The Levelized Cost of Electricity of lithium-ion batteries and offshore wind have plummeted in the last year, according to new figures from research company Bloomberg New Energy Finance.
The Levelized Cost of Electricity (LCoE) measures the all-in expensive of producing a megawatt-hour (MWh) of electricity from a new project, and accounts for the costs of development, construction and equipment, financing, feedstock, operation, and maintenance. It is a helpful, if not entirely comprehensive, measure of the energy wars being played out between old fossil fuel generation sources like coal and gas and new renewable technologies like wind and solar, supported by other energy technologies like batteries.
Bloomberg New Energy Finance’s (BNEF) regular LCoE reports are, thus, a handy guide for determining the pace of the war and the lay of the land, especially as we move more fully into a new year. And this latest report is big news for supporters of renewable energy technologies, as BNEF shows that the LCoE of lithium-ion batteries and offshore wind have fallen dramatically in the past year. Specifically, the benchmark LCoE for lithium-ion batteries dropped 35% to $187/MWh while offshore the benchmark LCoE for offshore wind fell by 24% to just below $100/MWh.
Onshore wind and solar PV have both also seen their prices fall, though at less dramatic yearly declines, with benchmarks of $50/MWh and $57/MWh respectively (for projects starting construction in early 2019), yearly drops of 10% and 18%.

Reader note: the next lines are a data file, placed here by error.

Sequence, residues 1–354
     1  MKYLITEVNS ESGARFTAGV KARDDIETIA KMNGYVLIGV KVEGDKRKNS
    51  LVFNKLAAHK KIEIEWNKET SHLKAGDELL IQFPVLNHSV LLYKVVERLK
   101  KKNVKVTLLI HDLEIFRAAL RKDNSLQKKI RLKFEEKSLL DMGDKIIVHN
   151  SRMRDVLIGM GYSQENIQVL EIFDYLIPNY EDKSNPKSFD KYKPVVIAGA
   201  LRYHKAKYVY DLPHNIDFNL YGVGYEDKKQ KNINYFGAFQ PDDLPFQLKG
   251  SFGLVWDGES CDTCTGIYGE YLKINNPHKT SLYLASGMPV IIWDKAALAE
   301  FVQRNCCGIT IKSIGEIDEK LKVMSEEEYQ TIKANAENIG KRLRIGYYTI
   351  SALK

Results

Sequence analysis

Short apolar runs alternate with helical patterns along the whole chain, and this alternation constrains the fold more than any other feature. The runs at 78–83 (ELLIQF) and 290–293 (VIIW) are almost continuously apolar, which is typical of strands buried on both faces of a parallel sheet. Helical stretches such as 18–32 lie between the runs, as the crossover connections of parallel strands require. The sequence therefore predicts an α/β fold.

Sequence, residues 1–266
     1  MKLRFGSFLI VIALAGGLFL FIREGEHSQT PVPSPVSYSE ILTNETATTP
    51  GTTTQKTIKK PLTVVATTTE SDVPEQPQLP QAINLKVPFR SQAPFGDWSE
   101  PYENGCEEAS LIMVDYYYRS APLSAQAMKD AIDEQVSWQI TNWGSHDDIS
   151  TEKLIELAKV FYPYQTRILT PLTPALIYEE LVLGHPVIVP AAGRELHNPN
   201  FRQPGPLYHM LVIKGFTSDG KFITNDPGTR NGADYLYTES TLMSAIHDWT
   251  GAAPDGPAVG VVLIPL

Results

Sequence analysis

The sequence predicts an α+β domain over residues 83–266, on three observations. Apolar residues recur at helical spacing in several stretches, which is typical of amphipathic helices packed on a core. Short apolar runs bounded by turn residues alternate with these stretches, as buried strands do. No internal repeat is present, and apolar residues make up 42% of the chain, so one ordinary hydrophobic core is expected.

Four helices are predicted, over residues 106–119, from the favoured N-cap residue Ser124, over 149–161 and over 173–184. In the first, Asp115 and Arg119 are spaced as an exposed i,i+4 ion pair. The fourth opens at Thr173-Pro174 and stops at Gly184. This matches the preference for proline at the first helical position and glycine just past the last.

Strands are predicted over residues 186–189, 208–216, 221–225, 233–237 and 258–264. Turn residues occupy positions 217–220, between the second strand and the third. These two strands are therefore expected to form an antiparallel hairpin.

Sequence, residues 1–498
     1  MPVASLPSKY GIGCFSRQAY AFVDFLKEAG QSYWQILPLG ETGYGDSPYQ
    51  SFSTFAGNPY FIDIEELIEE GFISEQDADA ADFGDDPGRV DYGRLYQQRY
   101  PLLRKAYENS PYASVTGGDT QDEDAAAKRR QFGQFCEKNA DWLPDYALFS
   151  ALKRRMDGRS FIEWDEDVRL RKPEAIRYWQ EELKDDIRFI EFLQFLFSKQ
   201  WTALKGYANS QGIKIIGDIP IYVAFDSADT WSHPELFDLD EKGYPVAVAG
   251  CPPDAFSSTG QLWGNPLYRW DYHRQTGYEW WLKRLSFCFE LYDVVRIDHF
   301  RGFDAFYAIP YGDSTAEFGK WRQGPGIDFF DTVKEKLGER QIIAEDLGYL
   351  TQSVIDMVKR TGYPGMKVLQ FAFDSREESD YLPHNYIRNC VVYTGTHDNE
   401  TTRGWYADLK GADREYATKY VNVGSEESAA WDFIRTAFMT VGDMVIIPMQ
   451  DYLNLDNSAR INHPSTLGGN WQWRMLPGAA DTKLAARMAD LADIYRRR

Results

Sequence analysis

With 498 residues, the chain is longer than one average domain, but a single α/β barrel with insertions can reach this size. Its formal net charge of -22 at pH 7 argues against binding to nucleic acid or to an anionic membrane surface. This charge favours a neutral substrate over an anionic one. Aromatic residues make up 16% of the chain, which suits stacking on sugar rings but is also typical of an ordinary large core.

“Looking back over this decade, there have been staggering improvements in the cost-competitiveness of these low-carbon options, thanks to technology innovation, economies of scale, stiff price competition and manufacturing experience,” said Elena Giannakopoulou, head of energy economics at BNEF. “Our analysis shows that the LCOE per megawatt-hour for onshore wind, solar PV and offshore wind have fallen by 49%, 84% and 56% respectively since 2010. That for lithium-ion battery storage has dropped by 76% since 2012, based on recent project costs and historical battery pack prices.”
So, while it was good news across the board for renewable energy technologies, the highlight was the dramatic price decline for lithium-ion batteries which, when co-located with solar or wind projects, are starting to compete — in many markets, and without subsidy — with coal- and gas-fired generation projects for the provision of “dispatchable power” (power which can be delivered whenever and as necessary).
“Solar PV and onshore wind have won the race to be the cheapest sources of new ‘bulk generation’ in most countries, but the encroachment of clean technologies is now going well beyond that, threatening the balancing role that gas-fired plant operators, in particular, have been hoping to play,” explained Tifenn Brandily, energy economics analyst at BNEF.
It’s also heartening to see the continual decline in offshore wind costs, and what was once seen as an expensive generation technology is benefiting from the same economies of scale which have supported the solar and onshore wind industries, with benchmark LCoE falling to below $100/MWh as compared to $220/MWh just five years ago.
“The low prices promised by offshore wind tenders throughout Europe are now materializing, with several high-profile projects reaching financial close in recent months,” said Giannakopoulou. “Its cost decline in the last six months is the sharpest we have seen for any technology.”
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